Control Over Assets

A trust allows you to specify how your assets will be distributed and when they will be received by your beneficiaries after your passing.

Naming Children as Beneficiaries

A trust can be used to name your children as beneficiaries of your life insurance policy, providing added financial security for your loved ones.

Living Trust vs. Testamentary Trust

To better understand the different types of trusts, it is helpful to compare the two primary categories: living trusts and testamentary trusts. There are also revocable trusts and irrevocable trusts, but these are separate distinctions.

  • Living Trust: Also known as an inter vivos trust, a living trust is created during the trustor’s lifetime. The primary purpose of a living trust is to efficiently transfer assets to beneficiaries while avoiding probate, which can save time and expenses for the beneficiaries and potentially reduce estate taxes.
  • Testamentary Trust: This type of trust is established after the trustor’s death and is typically outlined in their will. Because the terms of a testamentary trust can be changed up until the trustor’s death, it is often simpler and more flexible than a living trust.

Revocable Trust vs Irrevocable Trust

To help secure your assets and plan for the future, it’s important to understand the differences between a revocable trust and an irrevocable trust.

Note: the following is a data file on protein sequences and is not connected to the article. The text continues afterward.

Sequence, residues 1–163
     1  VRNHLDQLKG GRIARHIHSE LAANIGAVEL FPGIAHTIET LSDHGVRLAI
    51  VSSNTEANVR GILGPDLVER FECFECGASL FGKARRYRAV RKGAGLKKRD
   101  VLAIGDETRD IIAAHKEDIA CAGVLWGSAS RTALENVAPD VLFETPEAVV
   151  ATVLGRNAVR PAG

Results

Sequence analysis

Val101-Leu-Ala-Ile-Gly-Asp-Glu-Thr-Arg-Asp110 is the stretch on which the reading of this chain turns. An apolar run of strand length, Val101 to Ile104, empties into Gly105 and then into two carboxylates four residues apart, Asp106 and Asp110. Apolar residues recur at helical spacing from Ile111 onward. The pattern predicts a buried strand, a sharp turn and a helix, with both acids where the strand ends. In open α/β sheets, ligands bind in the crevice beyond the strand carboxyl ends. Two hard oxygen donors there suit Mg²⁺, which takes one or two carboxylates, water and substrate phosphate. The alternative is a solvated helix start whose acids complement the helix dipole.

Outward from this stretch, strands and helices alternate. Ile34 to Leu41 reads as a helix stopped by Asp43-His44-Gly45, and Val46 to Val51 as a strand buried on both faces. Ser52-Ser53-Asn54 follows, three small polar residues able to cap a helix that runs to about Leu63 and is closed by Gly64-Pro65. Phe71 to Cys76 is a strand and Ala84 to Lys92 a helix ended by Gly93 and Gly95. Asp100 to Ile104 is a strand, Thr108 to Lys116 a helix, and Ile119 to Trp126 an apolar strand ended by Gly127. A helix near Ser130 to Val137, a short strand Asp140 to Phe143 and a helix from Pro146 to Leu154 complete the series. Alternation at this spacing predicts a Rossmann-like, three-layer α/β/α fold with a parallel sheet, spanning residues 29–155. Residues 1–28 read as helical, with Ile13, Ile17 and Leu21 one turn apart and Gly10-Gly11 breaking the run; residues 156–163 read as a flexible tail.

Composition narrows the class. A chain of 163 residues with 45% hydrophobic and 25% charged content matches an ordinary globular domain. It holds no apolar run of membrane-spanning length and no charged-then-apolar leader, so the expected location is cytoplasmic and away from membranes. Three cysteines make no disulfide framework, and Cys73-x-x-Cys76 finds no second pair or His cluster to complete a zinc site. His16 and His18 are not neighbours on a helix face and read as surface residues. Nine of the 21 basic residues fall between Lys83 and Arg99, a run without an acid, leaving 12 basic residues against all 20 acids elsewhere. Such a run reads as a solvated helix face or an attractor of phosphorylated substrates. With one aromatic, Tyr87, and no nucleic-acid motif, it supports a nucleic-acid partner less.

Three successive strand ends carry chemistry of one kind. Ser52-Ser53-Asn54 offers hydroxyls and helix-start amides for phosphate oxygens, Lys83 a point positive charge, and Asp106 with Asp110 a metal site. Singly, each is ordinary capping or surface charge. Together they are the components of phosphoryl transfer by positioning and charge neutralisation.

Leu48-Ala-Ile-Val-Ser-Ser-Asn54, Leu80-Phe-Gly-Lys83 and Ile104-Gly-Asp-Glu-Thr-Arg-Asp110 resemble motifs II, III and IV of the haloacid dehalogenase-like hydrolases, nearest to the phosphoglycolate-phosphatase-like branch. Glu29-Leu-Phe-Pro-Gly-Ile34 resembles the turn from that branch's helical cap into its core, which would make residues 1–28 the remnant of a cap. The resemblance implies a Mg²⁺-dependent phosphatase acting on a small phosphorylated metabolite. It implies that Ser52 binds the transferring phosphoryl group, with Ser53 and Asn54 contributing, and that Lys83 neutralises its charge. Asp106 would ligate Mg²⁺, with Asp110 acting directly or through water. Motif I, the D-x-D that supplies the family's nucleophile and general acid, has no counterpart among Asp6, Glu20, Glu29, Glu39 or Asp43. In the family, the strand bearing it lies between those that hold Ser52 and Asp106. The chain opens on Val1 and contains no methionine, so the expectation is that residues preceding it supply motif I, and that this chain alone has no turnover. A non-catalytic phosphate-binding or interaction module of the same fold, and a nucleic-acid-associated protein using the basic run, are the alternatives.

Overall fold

• Revocable Trust: A revocable trust, also known as a living trust, can be altered during the grantor’s lifetime. The main purpose of a revocable trust is to avoid probate for the transfer of assets after death.
  • Irrevocable Trust: On the other hand, an irrevocable trust cannot be changed once it’s created. The main reason for creating an irrevocable trust is to transfer assets out of the taxable estate, which allows for income from the assets to no longer be taxed during the trustmaker’s lifetime, and the assets to not be taxed to the estate upon their death.

Trust Azure Brio Associates for Your Legal Needs

Making the decision of which type of trust to choose, or whether a trust is the best option for your situation, is a serious matter. It is not just about your legacy, as trusts are legal instruments that must meet specific state requirements to be valid and enforceable. Any ambiguity or unclear language in the trust can lead to conflicts, delays, or even the possibility of the trust being declared invalid by a court.

Fortunately, the legal team at Azure Brio Associates has significant experience in preparing and drafting trusts of all kinds. They understand that each client has unique circumstances and goals that need to be considered when creating an estate plan. For this reason, they work closely with their clients to develop a personalized strategy that meets their interests. If you are unsure whether a trust is right for you or would like to learn more about their estate planning services, please contact us at + 1 (443) 686 8365, + 57 (315) 359-6683 or email us at info@abrioconsultancy.com to book your consultation with one of our experienced attorneys.